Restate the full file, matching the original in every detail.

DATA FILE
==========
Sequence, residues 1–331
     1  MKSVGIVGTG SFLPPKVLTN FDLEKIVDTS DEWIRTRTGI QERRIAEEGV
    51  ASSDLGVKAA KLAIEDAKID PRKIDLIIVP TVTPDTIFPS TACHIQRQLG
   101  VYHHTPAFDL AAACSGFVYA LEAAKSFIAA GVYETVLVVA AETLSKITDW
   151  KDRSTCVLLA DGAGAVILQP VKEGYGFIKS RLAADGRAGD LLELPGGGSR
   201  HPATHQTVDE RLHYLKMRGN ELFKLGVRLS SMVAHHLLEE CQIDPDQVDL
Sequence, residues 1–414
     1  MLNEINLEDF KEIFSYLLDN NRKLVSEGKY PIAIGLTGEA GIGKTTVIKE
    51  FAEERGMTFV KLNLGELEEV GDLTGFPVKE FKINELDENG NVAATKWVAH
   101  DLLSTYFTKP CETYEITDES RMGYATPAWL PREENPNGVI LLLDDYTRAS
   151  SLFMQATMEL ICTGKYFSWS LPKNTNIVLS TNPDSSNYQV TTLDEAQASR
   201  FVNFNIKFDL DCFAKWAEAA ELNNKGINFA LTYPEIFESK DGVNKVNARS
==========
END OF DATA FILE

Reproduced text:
Sequence, residues 1–331
     1  MKSVGIVGTG SFLPPKVLTN FDLEKIVDTS DEWIRTRTGI QERRIAEEGV
    51  ASSDLGVKAA KLAIEDAKID PRKIDLIIVP TVTPDTIFPS TACHIQRQLG
   101  VYHHTPAFDL AAACSGFVYA LEAAKSFIAA GVYETVLVVA AETLSKITDW
   151  KDRSTCVLLA DGAGAVILQP VKEGYGFIKS RLAADGRAGD LLELPGGGSR
   201  HPATHQTVDE RLHYLKMRGN ELFKLGVRLS SMVAHHLLEE CQIDPDQVDL
Sequence, residues 1–414
     1  MLNEINLEDF KEIFSYLLDN NRKLVSEGKY PIAIGLTGEA GIGKTTVIKE
    51  FAEERGMTFV KLNLGELEEV GDLTGFPVKE FKINELDENG NVAATKWVAH
   101  DLLSTYFTKP CETYEITDES RMGYATPAWL PREENPNGVI LLLDDYTRAS
   151  SLFMQATMEL ICTGKYFSWS LPKNTNIVLS TNPDSSNYQV TTLDEAQASR
   201  FVNFNIKFDL DCFAKWAEAA ELNNKGINFA LTYPEIFESK DGVNKVNARS